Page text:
Many consumers use home equity loans to make important home improvements or upgrades. This tends to make sense since you're using your home equity to improve your property, which should, in turn, boost the value of your abode.
Some home improvements tend to have a higher payoff than others. According to Remodeling Magazine's Cost vs. Value study for 2019, upgrades with the highest rate of return include a garage door replacement (97.5%), manufactured stone veneer (94.9%), and a minor kitchen remodel (80.5%).
But really, any kind of remodeling project can pay off if you personally find value in it. If you've always wanted a new kitchen and need to borrow to make it happen, a home equity loan is one of the most affordable ways to do it. Also note that if you qualify according to IRS rules, you can still deduct the interest on home equity loans when the funds are used to "buy, build or substantially improve the taxpayer's home that secures the loan."
Another way to use home equity to your advantage is by adding an addition to your home. This can work in your favor in more than one way; not only will the addition add value to your property but scoring some extra room could help you prevent a pricey move.
If you love your home but simply need more space, adding a family room, a bathroom, a mudroom, or a bedroom could help you score the square footage you need. A home equity loan can help you fund the project without tapping in your personal savings.
If you are angling to become a landlord or purchase commercial property this year, you can expect to pony up a big down payment. In lieu of tapping into your personal savings, you could use your home equity to get the cash you need. Since home equity loans are secured by the value in your property, they often offer the most competitive interest rate you'll qualify for.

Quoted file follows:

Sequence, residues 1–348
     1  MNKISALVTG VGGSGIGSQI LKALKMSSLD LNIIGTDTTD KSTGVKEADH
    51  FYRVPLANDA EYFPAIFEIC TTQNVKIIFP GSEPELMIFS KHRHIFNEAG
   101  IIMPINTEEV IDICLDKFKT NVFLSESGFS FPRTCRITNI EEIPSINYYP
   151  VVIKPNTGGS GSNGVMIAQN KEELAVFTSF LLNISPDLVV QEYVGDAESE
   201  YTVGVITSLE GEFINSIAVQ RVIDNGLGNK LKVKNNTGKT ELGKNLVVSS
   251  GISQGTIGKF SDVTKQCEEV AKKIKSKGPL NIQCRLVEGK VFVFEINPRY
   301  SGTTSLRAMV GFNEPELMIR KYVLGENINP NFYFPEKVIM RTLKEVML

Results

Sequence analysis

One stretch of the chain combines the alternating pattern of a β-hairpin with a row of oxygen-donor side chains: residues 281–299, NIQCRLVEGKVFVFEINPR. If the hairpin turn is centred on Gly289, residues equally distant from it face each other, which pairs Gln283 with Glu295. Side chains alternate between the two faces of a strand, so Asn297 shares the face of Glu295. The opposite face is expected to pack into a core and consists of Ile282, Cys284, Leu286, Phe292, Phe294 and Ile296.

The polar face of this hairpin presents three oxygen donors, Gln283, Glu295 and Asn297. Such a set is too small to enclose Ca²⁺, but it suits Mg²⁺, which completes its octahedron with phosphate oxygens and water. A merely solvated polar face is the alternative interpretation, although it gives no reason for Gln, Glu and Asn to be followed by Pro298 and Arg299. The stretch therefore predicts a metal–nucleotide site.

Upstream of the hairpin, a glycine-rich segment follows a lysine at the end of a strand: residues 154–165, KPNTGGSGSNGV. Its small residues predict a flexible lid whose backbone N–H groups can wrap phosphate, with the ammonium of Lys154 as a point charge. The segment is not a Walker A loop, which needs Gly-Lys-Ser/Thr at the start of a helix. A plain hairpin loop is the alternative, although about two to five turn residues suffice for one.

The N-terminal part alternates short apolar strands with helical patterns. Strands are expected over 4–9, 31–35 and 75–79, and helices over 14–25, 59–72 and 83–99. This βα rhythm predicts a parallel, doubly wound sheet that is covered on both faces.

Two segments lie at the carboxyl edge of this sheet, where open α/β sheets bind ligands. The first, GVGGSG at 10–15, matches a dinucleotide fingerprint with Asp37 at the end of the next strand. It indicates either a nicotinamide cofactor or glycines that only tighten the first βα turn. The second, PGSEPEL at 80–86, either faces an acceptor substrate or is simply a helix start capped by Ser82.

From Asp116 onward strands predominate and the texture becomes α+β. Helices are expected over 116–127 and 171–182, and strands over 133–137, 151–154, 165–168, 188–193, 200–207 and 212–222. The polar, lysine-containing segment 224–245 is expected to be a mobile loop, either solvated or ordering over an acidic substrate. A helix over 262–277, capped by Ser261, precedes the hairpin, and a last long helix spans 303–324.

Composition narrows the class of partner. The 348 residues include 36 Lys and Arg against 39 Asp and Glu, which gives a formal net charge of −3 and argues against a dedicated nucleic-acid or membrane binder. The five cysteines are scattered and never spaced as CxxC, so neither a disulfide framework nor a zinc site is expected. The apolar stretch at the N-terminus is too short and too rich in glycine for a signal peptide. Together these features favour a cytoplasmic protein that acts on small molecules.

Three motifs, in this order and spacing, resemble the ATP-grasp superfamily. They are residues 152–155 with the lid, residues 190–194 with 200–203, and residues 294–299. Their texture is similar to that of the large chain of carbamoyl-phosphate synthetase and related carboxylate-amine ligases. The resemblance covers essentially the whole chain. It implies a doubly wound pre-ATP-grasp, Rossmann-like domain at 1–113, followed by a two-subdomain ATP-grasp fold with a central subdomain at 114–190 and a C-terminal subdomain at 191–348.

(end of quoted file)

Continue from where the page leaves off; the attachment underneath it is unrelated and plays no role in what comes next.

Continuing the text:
You can also tap into home equity to start another business, whether that's opening a franchise or starting your own company from scratch. A home equity loan can help you access a large amount of money at once without tapping into your personal savings or taking out a pricey small business loan.
Finally, many people use home equity for emergencies, although they typically use a home equity line of credit (HELOC) for this purpose. Where home equity loans offer a fixed lump sum, a fixed interest rate and a fixed monthly payment, HELOCs work as a line of credit you can borrow against. This makes them a lot like credit cards, although with much lower rates since any monies you borrow are secured by the equity in your home.
The best part about a HELOC is that, if you don't borrow any money, there's nothing to repay. That makes them perfect for emergencies such as a job loss, unexpected medical bills, or a health scare. Just make sure to watch out for fees and compare HELOCs to find the best deal.
Are you interested in learning more about home equity loans? Contact the loan officers at Wintrust Mortgage to discuss your options.